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What to Do When Sales Leadership Is Not Sold on Virtual Training

Thursday, June 18, 2020
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About a month ago, a good friend of mine who runs the sales enablement department of a SaaS company reached out to me for some help.

She shared that during a recent meeting with the leadership team, the vice president of sales told her he was not convinced that he wanted to shift all training for his team to virtual. As she listened to his tirade, he raised some valid concerns:

  • He would still be pulling his team out of the field and away from customers with the potential for less impact than classroom training.
  • Sessions were typically a few days; now they would be a few hours across days, lowering productivity.
  • How would they collaborate on activities, share knowledge, and feel the culture of the company?
  • Keeping a rep used to being out in the field in front of a computer for an extended period of time would be extremely challenging.
  • Distractions are difficult to ignore, minimizing learning.

This vice president had been in position for almost 10 years. He saw huge value in getting together the whole team, including bringing new hires to headquarters to meet, observe, and introduce company culture. The meeting ended with a challenge for her to show him an ROI that proved virtual training would deliver the same or better results.

While there were many ways to answer or address these concerns, we agreed that he was looking for an ROI justification. So, we went to work to see how we could build an ROI for virtual training. Here is what we came up with:

Travel and Expenses: This was the easiest one because the ROI was the budgeted dollars in the annual operations budget.

Flexible Training Times: Staggering the training to avoid peak selling times would keep sellers in the field with customers and prospects. Conducting a quick survey identified best days for selling. Pre-COVID, training travel days were typically Mondays and Thursdays and classroom sessions were typically Tuesday through Thursday. With virtual training, they could be in the field on peak selling days.

Comparing the change in new opportunities in the pipeline and progression of opportunities to close against previous data would measure the ROI.

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Activity Pods: Creating peer-to-peer pod groups that meet regularly to coach, discuss, strategize, and share best practices would reteach and reinforce training. In each pod session, a sales rep presents a key opportunity to the group to work on, deepening training retention with real-life application. The mix of new employees with seasoned ones fostered collaboration and culture.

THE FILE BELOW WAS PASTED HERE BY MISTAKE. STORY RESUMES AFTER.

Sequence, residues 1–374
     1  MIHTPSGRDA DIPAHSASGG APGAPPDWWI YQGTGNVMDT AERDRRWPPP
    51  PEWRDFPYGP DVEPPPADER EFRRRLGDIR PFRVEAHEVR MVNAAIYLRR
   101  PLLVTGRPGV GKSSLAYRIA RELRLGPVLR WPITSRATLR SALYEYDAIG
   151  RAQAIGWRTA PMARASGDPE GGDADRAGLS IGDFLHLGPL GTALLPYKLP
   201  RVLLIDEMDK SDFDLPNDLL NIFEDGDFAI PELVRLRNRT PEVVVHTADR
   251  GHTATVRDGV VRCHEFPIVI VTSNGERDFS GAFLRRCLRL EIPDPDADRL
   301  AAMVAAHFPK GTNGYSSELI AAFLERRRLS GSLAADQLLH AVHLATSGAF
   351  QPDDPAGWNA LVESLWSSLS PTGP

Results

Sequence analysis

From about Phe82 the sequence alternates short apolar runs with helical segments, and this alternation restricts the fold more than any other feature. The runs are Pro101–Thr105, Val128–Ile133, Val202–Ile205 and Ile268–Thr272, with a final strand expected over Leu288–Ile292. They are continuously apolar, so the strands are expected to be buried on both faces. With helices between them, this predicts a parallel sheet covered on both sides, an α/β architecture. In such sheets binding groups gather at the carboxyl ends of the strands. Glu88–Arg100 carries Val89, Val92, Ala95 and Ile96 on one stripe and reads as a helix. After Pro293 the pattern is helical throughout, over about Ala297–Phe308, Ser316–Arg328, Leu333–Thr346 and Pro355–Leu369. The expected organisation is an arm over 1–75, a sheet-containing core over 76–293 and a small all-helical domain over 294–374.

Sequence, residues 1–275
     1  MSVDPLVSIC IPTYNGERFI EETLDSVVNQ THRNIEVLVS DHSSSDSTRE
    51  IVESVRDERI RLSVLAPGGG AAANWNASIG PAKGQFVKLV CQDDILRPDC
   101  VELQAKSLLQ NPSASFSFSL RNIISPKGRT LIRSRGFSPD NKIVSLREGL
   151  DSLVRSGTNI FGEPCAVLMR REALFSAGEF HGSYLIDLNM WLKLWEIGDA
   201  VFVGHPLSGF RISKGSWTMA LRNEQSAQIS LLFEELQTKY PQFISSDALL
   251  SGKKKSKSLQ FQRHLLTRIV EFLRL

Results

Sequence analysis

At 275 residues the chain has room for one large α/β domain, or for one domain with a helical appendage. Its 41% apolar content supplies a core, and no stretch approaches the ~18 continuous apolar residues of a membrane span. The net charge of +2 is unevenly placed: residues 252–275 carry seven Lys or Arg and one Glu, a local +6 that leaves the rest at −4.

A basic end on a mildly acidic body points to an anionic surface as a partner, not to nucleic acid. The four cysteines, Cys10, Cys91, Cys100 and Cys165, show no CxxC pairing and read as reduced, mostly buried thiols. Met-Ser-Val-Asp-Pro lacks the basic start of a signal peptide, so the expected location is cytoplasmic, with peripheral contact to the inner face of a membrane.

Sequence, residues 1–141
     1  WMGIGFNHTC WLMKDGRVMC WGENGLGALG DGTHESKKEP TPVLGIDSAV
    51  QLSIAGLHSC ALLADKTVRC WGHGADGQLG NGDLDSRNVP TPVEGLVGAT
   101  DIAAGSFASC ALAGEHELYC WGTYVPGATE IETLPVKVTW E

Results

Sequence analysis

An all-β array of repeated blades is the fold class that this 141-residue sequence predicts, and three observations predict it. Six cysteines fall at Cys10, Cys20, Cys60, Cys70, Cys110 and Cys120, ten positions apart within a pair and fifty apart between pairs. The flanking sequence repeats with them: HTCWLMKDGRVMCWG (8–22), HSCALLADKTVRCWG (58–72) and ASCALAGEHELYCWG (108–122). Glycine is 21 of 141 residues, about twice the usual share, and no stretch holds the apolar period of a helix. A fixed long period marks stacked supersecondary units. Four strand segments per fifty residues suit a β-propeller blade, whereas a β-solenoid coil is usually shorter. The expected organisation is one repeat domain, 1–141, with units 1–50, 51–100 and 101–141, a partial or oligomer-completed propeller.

The ROI could be measured by progressing an opportunity forward in the pipeline and shortening sell cycle.

Expand the Learning: Expanding the training to ancillary departments not typically included due to cost or budget constraints increased cohesiveness. Including marketing, sales support, and product specialists gave the power of a team approach to selling.

This makes a compelling ROI with potential to increase in win rates.

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Time Management: Remote workers who have a daily schedule increase productivity. While the studies vary, at a minimum a remote worker increases productivity 20 percent with a schedule.

Finding times that could work for training and activity pods meant scheduling these at the beginning of the month so participants could fill in open space by preference and job responsibility. The survey results identified the best times as early morning and after lunch for training and end of the day or early morning for pod meetings. The best days were Mondays and Fridays. The training sessions were used as bookends in their calendars, helping them better manage their days.

The ROI would deliver an increase in revenue and productivity for the teams.

The first series of training launched the first week in May. Feedback from the frequency, time of the day and content were positive by the participants. As of the writing of this post, two of the pod groups have completed actionable next steps on key accounts where slight activity is beginning.

While I don’t believe virtual training is the new end-all to the world we now live in, it is an awesome bridge to get us to wherever that new normal is. However . . . it is not the only bridge we can build to get there.

Wondering what else to consider in building your virtual training? Check out “6 Things to Consider When Transitioning to Virtual Training.”

About the Author

Mary Kay (MK) is a Principal Consultant in sales and marketing for MKH Associates. Over the last 27+ years, she has been involved in more than 200 sales and marketing transformation initiatives, working with her clients’ executive leadership teams, Board of Directors, and private equity stakeholders.

She has helped grow sales organization's productivity and revenue (including several members of the Inc.100) as well as aligned and strengthened their marketing efforts to increase market share collaboratively with sales efforts. Prior to her experience at MKH, MK worked in sales and management carrying individual and team quotas and was consistently recognized as a top performer.

Connect with Mary Kay on LinkedIn or at [email protected]

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